5 Practical Strategies for Combating Boredom in Kids with ADHD

Many kids with ADHD struggle with feelings of boredom throughout the day, especially during activities that fail to meet their high mental engagement needs (see my previous post for more on this topic). When boredom kicks in, kids feel miserable and their ability to stay focused and engaged plummets. While every hour of every day can’t be filled with fun and exciting activities, there are many strategies that parents and teachers can use to make everyday tasks more engaging for kids with ADHD,

5 Key Strategies for Reducing Boredom and Increasing Engagement

  1. Make Activities Meaningful

When an activity is meaningful to a child, either because it is helping them to improve their skills in an area that is important to them or because it is tied to a topic that they enjoy, their interest and enthusiasm will increase dramatically. For example, many kids with ADHD complain that math is boring, but when a child learns to use their skills to predict the scoring potential of their favorite athlete, math suddenly becomes much more interesting. Or when a child learns that getting through their homework quickly (and accurately) means that they will finish sooner and have more time to play their favorite game, they become much more engaged and less distracted during homework time.

  1. Incorporate Physical Activity

Physical activity provides essential mental stimulation for kids with ADHD, and can make typically “boring” activities much more engaging. Physical activity can come in the form of a hands-on project, an opportunity to complete assignments while standing and fidgeting rather than sitting still, or frequent pre-planned activity breaks. In an ideal scenario, active games can be used to teach new skills, routines, and habits. Whenever activities are fun and game-like boredom quickly disappears!

  1. Keep it Short

Kids with ADHD become bored with almost any lengthy task. For very young children, even a 10-minute activity can induce boredom. Older children may have a 20-minute limit before the boredom sets in. In general, helping kids with ADHD learn new skills and complete everyday tasks through short bursts of activity will reduce boredom and increase engagement. Try reducing the length of repetitive academic assignments, and breaking down longer activities, like cleaning up a very messy play area, into smaller chunks.

  1. Set Short-Term Goals

Most kids with ADHD find activities boring when they lack a clear purpose or have a very delayed outcome. Build small goals into activities to bump up engagement. For example, rather than having a child passively listen to a book report presentation in class, have them complete a worksheet that requires them to listen for very specific details during the presentation. Challenge the child to have an answer written down for each question before the presenter has finished the report.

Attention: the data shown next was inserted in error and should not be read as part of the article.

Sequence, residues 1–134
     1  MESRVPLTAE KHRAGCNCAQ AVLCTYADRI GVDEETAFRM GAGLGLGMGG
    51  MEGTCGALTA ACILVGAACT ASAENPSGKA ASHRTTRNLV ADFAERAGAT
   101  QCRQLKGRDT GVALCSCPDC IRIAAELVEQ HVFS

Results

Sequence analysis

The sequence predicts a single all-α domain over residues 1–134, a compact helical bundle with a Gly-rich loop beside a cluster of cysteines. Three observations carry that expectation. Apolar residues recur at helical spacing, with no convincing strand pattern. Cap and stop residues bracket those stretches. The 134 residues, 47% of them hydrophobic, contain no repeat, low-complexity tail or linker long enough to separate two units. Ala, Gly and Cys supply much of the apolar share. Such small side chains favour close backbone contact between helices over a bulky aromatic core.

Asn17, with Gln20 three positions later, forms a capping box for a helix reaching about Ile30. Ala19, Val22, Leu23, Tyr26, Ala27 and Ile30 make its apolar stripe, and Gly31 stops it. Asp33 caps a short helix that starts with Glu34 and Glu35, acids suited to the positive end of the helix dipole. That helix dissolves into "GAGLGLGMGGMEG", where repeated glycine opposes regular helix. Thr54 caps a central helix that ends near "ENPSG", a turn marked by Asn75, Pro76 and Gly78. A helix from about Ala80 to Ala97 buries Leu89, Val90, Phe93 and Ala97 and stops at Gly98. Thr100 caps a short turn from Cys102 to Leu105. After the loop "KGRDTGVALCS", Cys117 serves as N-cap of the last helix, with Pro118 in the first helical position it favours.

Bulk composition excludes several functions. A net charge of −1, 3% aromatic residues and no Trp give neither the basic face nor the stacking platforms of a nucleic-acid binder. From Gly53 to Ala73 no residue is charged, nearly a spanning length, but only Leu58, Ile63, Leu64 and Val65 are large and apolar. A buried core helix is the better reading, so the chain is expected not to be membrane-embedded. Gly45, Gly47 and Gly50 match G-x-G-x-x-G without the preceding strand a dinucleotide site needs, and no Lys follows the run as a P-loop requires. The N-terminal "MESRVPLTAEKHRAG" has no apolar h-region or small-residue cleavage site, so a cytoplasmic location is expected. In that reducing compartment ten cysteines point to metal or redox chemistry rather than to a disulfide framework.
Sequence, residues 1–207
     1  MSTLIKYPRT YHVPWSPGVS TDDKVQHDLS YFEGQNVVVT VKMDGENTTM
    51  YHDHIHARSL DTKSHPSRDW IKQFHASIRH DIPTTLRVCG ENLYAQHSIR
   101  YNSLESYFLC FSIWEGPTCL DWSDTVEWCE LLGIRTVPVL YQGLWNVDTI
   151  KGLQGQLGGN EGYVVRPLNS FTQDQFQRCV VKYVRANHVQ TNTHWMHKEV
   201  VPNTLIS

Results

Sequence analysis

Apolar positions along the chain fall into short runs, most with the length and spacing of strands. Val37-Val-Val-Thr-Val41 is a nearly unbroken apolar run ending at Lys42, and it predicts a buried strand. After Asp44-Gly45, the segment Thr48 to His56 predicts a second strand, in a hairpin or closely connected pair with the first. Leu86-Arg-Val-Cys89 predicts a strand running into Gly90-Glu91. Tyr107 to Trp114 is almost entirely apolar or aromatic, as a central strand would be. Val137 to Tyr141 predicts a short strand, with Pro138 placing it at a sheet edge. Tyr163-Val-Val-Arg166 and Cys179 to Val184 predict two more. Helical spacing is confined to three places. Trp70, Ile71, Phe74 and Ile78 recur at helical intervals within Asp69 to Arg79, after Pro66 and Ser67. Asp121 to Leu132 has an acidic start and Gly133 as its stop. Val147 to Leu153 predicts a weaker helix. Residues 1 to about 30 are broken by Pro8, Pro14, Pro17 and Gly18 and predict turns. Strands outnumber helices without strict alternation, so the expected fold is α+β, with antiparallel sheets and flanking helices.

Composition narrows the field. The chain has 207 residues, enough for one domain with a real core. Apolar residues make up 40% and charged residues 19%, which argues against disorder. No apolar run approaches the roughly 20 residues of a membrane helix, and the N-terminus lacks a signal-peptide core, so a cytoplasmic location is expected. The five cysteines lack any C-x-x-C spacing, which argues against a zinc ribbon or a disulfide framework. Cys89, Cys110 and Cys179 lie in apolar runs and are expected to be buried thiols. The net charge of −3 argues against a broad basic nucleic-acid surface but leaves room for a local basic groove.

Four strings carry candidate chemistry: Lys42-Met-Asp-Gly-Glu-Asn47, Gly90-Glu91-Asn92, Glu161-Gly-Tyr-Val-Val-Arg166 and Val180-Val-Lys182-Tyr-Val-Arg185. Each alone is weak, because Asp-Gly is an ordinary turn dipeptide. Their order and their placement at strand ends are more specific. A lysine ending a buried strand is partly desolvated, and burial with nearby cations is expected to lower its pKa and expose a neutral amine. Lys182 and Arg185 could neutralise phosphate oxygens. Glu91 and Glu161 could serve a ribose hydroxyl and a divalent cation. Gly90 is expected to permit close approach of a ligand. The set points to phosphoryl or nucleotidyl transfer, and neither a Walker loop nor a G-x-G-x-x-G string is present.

1. Reward Progress

Providing immediate rewards can make almost any activity more engaging for kids with ADHD. In general, rewards should be immediate, they should be something that the child wants to earn, and they should be used sparingly. Rewards are powerful tools for kids with ADHD, but when they are used too frequently they can be difficult to sustain. In addition, they may undermine a child’s internal motivation when they are paired with activities that the child perceives as easy or inherently interesting. So, build in rewards when they are needed, but use them only after you’ve tried one or more of the four strategies listed above.


Anytime an otherwise boring activity can be made engaging for a child with ADHD they will be receive a boost in their ability to focus, be productive, and feel proud of their efforts. It’s not possible to escape boredom altogether, but with a few tips and tricks most activities can be made interesting for kids with ADHD.

Leave a Reply

Fill in your details below or click an icon to log in:

WordPress.com Logo

You are commenting using your WordPress.com account. Log Out /  Change )

Google photo

You are commenting using your Google account. Log Out /  Change )

Twitter picture

You are commenting using your Twitter account. Log Out /  Change )

Facebook photo

You are commenting using your Facebook account. Log Out /  Change )

Connecting to %s